2017 Ammann Award Results: Part 1

Rock Island Rail-to-Trail Bridge in Little Rock, AR at night. Photo taken by Chauncy Neuman, winner of this year’s Best Photo Award

New Olympic-Style Medal System to the Top Six Finishers

Record Number of Voter Participation

SCHNEEBERG (SAXONY), GERMANY- 2018 is here, and with it, the revealing of the winners of the 2017 Othmar H. Ammann Awards. This year’s awards ceremony is far different than in years’ past. For instance, instead of announcing the winners in nummerical order from top to bottom, the top six winners receive a medal in a combination of Olympics and Ore Mountain form. That means the top three finishers receive the typical Olympic medals, whereas 4th to 6th place finishers receive medals typical of the Ore Mountain region in Saxony in eastern Germany, the new home for this column (specifically, in Schneeberg). That means tourquoise, copper and iron ore to those respective finishers. To view the total number of candidates please click here for details, including how they finished.

This year’s awards set some impressive records that can only be bested by more participation and more awareness of the historic bridges that we have left in general. For instance, we had records smashed for the highest number of voter turnout in each of the nine categories. Furthermore, there were at least seven lead changes in each category, which was also a first. In four of the categories, there were lead changes with at least four of the candidates. In another category, each of the candidates took a shot at first place and stayed at the top for at least a week before it was dethroned in favor of another one. In summary, no leader was safe regardless of margin that was built with its second place competitor. 🙂

And with that we will take a look at the winners of the 2017 Ammann Awards, divided up into two parts so that the readers are not overwhelmed with the content. The winners of the 2017 Author’s Choice, where the author himself picks his favorites, will follow. But for now, let’s see what the voters have chosen for bridge favorites beginning with…..

 

BEST PHOTO:

This year’s Best Photo Category brought in not only double the number of candidates as last year (12 entries) but also double as many candidates that vied for first place as last year- there was a battle among three candidates for the top spot for the 2016 Awards. All six candidates finished in the top six with Chauncy Neumann bringing home the gold for his night photo of the Rock Island Railroad Bridge in Little Rock, AR., a fine example of a rail-to-trail crossing that still has its use in its second life today. His photo can be seen in the Chronicles’ facebook page as well as an avatar for the Chronicles’ twitter page. The silver medal went to Esko Räntilla for his stone arch bridge, built in the 1700s spanning a small creek in Finnland. That photo can be seen in the Chronicles’ wordpress page. Third place finisher receiving the bronze was Kevin Skow for his shot of the pony truss bridge Mill Creek in Kansas. His photo can be seen on the Chronicles’ twitter page. All of them will remain to be seen until mid-July before they become part of the header rotating page for the Chronicles’ wordpress page. The rest of the results:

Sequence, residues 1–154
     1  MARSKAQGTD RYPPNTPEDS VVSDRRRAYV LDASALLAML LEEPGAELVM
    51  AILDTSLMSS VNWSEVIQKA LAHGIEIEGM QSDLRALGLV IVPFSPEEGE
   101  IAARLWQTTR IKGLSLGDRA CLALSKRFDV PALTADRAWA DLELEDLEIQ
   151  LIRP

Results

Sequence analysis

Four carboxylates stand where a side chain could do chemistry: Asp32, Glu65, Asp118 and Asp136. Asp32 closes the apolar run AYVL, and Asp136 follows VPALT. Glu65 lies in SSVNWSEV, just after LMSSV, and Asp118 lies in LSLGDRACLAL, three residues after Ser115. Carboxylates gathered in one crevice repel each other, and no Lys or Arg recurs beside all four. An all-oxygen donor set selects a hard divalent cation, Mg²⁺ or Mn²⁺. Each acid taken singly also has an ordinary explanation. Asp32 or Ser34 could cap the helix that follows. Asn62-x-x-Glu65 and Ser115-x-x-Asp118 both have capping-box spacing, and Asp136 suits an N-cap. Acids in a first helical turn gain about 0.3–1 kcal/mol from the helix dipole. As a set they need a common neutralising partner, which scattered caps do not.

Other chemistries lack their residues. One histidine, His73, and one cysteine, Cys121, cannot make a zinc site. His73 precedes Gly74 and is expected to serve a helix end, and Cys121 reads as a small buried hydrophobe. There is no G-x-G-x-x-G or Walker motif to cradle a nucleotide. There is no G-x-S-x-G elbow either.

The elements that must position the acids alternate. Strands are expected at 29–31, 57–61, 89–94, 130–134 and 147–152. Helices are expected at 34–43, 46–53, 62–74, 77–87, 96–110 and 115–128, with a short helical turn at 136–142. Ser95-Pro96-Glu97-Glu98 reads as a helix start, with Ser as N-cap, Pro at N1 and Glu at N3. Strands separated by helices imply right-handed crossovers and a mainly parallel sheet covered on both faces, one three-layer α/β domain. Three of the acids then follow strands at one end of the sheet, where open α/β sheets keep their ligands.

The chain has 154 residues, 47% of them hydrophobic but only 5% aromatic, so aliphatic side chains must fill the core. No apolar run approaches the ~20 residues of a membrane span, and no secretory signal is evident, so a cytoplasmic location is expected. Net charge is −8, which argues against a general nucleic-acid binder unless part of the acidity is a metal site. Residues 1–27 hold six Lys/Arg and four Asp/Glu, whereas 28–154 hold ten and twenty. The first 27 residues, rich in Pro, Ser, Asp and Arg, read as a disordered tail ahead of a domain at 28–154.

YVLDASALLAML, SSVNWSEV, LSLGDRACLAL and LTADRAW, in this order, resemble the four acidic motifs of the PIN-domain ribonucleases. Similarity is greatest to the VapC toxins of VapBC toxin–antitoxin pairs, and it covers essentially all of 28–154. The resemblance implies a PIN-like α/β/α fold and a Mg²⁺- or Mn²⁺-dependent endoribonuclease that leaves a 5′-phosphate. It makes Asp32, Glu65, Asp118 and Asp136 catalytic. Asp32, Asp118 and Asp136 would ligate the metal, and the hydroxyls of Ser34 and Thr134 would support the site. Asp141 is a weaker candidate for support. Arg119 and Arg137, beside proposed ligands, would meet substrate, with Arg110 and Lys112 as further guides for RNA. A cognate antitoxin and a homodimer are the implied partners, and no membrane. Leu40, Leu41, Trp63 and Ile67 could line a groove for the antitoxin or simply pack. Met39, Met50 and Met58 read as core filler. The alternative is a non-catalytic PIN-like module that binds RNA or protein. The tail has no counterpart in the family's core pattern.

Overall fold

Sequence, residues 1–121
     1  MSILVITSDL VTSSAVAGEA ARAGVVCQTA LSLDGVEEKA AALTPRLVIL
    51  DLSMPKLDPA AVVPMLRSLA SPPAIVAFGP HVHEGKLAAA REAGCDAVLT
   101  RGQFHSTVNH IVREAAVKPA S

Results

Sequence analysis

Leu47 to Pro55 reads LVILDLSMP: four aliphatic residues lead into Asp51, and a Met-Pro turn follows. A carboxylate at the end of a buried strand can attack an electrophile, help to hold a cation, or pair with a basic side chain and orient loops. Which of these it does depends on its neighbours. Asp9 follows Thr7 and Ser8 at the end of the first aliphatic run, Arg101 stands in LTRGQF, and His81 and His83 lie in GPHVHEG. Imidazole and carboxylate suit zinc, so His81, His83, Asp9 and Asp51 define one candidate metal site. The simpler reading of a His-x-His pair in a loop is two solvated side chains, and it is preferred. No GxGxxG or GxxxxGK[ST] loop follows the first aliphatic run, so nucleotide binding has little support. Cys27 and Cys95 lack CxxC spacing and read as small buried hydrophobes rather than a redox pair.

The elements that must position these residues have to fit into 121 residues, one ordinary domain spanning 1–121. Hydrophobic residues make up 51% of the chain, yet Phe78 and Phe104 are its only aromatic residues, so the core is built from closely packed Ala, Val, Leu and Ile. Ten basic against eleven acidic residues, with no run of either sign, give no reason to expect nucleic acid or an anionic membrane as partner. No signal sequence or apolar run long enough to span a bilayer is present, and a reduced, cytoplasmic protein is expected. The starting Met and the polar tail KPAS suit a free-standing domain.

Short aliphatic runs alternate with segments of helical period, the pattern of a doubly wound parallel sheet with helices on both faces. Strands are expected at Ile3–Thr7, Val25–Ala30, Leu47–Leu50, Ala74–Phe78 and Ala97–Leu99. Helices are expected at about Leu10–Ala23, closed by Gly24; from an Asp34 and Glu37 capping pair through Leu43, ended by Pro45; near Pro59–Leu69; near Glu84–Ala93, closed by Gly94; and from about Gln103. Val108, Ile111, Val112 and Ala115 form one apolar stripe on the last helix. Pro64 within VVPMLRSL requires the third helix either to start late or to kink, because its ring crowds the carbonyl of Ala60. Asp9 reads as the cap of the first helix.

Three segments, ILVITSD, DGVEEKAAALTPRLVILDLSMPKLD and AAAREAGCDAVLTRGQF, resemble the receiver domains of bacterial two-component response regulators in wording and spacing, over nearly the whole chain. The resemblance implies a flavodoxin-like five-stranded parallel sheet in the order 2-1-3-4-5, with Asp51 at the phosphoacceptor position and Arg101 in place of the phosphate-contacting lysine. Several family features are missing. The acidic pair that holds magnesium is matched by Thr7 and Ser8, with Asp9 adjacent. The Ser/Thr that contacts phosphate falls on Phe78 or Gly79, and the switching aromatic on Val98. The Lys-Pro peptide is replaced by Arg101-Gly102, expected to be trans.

Draschwitz Bridge north of Zeitz in the German state of Saxony-Anhalt: Winner of the Best Kept Secret International Award

BEST KEPT SECRET INDIVIDUAL BRIDGE:

This category is divided up into American and International Bridges and focuses on historic and unique bridges that receive little to no attention compared to other historic bridges, like the Golden Gate and Brooklyn Bridges in the States. In the international part of the category, we had 14 entries from three continents with four vying for the top spot. In the end, the winner of award goes to a small village north of Zeitz in Germany and this unusual bridge, the Draschwitz Truss Bridge over the White Elster River. This bridge is unique because of its v-laced top chord. The story behind it can be found here. Silver goes to the suspension bridge at Betsiboka in Madagascar, whereas Bronze goes to another unique arch bridge in Greece nominated by Inge Kanakaris-Wirtl, the Plakidas Bridge. The rest of the top six include:

Sarto Bridge in Louisiana. Photo taken by Cliff Darby